Information for Presenters and Session Chairs
We are very happy to be able to run up to seven parallel sessions on the INTERACT conference this year. The presentations are of course the key part of the conference, even if the social events also contribute to the meeting between researchers and practitioners.
We have tried to allow for extra time within the sessions, and each presenter is expected to make a presentation of 20 minutes (Full paper) and allow 10 minutes for questions and discussion, and 10 minutes (short paper) and allow 5 minutes for questions and discussion. Every session is assigned a session chair, who will be responsible for the smooth run of the session.
On this page you will find some information on what is expected from the presenters and the session chairs during a session. Please follow these simple instructions, so that we can have a smoothly running conference.
As a presenter we hope that you will get a pleasant and constructive experience from this conference. Presenting a paper at a conference is a great opportunity to spread knowledge about your research, but also to get constructive discussions on the paper you have presented. However, in order to get the best out of the conference we would like to provide you with some general advice for your presentation.
The schedule for the conference is very tight. In each session, up to 6 papers may be presented. Therefore it is absolutely vital that you keep to your alloted time frame for your presentation. Make sure that you have timed your presentation before the session. A full paper should be presented in about 20 minutes, which leaves about 10 minutes for questions and discussion. A short paper should be presented in 10 minutes, which leaves about 5 minutes for questions and discussion. The session chair is there to help you keep the time, which means that it is very important that you keep an eye on the session chair now and then during the presentation.
If you bring your own laptop, make sure that it works with the projector. It is advisable that you try to hook up your computer on a break before your session IN THAT VERY ROOM where you are going to present. There will be a student volunteer in the room 15 minutes before a session in order to help you, if needed.
Also, it is advisable that you bring a spare copy of your presentation on a USB-stick or a CD. There have been cases of late night crashes, that have happened just before the presentation day.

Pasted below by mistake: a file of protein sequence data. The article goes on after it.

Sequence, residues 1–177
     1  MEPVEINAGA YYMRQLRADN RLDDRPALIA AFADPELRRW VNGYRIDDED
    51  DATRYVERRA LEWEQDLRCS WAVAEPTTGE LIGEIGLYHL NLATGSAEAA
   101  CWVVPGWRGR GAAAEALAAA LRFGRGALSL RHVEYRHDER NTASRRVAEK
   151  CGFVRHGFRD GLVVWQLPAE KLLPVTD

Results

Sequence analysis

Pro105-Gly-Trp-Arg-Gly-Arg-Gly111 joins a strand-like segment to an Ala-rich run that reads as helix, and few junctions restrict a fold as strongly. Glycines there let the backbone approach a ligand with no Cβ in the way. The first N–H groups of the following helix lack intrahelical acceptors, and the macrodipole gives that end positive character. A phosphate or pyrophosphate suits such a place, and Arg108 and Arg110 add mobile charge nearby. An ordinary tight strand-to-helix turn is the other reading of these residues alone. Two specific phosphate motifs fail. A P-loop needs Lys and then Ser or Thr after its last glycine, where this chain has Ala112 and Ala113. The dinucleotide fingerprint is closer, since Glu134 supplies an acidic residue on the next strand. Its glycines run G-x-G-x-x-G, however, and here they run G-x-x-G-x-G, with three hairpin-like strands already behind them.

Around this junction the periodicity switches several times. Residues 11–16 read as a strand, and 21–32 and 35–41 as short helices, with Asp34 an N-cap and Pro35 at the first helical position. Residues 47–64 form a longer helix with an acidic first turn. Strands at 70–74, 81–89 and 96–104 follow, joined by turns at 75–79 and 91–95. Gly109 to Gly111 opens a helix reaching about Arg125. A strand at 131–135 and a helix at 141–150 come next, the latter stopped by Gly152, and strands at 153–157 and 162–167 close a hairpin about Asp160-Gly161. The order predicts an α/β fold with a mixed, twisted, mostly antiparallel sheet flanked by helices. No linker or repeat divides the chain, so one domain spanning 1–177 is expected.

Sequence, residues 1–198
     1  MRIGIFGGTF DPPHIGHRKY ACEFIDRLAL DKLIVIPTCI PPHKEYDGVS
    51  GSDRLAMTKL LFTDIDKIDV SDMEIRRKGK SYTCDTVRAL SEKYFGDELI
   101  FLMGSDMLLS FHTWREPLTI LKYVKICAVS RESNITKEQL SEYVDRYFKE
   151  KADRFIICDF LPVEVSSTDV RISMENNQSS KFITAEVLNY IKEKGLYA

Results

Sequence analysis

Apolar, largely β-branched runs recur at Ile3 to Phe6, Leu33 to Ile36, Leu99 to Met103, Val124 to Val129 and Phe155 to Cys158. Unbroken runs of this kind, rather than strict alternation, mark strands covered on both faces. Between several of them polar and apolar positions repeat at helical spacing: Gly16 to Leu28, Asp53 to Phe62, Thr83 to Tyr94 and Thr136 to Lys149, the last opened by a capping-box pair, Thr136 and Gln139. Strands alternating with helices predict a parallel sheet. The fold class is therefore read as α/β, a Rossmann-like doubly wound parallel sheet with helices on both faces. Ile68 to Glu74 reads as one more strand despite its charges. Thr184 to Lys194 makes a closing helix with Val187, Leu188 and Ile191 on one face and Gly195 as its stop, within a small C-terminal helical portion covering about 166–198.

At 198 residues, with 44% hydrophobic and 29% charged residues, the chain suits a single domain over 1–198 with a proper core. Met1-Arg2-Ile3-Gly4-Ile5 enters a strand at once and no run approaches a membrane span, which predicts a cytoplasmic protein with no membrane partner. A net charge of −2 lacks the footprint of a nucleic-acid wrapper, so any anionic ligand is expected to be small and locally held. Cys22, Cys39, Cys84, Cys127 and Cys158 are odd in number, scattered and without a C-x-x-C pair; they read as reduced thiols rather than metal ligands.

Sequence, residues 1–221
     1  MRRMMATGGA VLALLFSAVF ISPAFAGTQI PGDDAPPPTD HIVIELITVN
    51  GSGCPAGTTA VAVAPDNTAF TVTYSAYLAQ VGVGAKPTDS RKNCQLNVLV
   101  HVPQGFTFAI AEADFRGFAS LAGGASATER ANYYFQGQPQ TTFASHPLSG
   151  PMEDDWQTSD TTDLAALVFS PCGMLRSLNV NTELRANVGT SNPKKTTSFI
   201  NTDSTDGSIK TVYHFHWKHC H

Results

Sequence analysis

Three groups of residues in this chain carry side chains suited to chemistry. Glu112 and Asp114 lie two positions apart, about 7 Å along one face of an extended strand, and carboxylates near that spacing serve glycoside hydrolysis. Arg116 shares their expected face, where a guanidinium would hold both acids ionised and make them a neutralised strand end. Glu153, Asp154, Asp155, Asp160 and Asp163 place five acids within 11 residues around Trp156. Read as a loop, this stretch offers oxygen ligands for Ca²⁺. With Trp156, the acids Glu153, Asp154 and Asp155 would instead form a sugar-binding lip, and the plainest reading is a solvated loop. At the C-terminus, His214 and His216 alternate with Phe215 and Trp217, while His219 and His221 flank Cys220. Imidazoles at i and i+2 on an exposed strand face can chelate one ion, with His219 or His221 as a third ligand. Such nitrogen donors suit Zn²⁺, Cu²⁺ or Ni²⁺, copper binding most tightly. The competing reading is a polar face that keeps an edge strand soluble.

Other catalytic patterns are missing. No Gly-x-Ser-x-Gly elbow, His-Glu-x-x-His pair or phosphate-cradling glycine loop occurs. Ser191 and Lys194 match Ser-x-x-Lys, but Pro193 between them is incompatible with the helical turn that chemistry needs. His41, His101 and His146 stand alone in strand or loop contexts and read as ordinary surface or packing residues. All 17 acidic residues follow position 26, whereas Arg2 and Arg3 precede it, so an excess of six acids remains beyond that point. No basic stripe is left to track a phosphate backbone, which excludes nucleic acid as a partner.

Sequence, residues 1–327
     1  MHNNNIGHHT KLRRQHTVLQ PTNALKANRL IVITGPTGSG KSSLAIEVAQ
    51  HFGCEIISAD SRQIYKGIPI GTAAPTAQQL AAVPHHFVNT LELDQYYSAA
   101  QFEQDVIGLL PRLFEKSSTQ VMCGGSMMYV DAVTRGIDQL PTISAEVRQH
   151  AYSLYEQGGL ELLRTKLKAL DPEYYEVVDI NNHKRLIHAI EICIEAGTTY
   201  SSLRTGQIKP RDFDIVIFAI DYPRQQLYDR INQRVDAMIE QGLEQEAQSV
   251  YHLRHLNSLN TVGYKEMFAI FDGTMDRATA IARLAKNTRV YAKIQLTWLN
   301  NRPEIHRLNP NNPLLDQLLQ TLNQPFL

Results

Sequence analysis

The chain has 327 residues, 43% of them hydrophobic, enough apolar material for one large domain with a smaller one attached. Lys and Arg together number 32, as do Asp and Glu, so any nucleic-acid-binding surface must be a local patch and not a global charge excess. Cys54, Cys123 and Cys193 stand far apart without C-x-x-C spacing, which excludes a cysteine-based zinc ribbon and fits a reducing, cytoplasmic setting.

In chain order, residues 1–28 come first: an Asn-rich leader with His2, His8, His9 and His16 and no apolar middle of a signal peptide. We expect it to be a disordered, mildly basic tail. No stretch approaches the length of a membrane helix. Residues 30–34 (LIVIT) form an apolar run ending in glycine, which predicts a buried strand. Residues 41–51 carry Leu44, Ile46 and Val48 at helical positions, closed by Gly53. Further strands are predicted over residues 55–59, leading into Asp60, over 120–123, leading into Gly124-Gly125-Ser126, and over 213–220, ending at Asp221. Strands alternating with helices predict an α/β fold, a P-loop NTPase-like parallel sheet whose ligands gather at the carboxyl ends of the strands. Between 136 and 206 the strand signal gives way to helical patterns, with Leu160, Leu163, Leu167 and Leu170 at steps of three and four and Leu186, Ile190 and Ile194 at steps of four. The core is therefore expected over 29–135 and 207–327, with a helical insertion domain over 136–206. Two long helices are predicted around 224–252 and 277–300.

If you do not bring your own laptop, make sure that you have your presentation with you. Use a USB-stick or a CD, and make sure that you are well in time for the session, so that you can check that the presentation runs well on someone elses laptop.
Make sure to be in the presentation room 15 minutes before your session starts. The session chair will want to know who you are, how your name should be pronounced, etc. before the session starts. He or she will also want to know whether there are presenters who will not show up. Note that as a presenter you should not arrive to the session after it has started. The risk is that your talk will be canceled as a no-show if you haven't talked with the session chair before the session.
If you need to use audio equipment on your presentation, you are advised to contact the conference management or the student volunteers as soon as you arrive to the conference venue. Some rooms are equipped with the necessary equipment, but in some cases we might need to arrange an installment.
Your responsibilities as chair are as follows:
In general, you are supposed do your best to make the session a pleasant experience for both presenters and the audience by
- introduce each presenter in the session
- ensure that every presenter is aware of and also keeps to their alloted time slots:
- short paper: 10 minutes presentation and 5 minutes discussion/questions
- full paper 20 minutes of presentation and 10 minutes of discussion/question
- prepare a few questions on each paper that is in your session, so that in case the audience is silent, there should at least be some discussion on the paper
- with the help of the student volunteer, arrange so that every presenter is able to present, either on his or her own laptop, or via a USB-stick on someone elses.
Please note that as a session chair you are supposed to stop a presentation when it gets too long. In order to help the presenter you may discretely indicate when there are 4-5 minutes left of the presentation.
Every session chair is expected to be in their room 15 minutes prior to the start of the session, to make sure that the presenters have arrived, and are ready to present. At your help you will have a student volunteer, who can help you with practical arrangements. The student volunteer can also pass the microphone in the larger rooms. The student volunteer is also there to help you get in contact with the conference management, in case there are other problems.
Please also note that within the 5 or 10 minutes of discussion and questions, there is also a small time slot to use for the change of presenter. In order to make it easier for listeners to switch between sessions you are urged to try to keep to the time slots for the papers.
There will be one or two extra laptops available during the conference in the unlikely case that none of the presenters has brought one of their own. This is of course a limited resource, and therefore you need to find out whether there are laptops available before the session.
If you have any further questions around your chairing of a session, please contact Jan Gulliksen or Lars Oestreicher. At the conference there will be student volunteers available for help as well.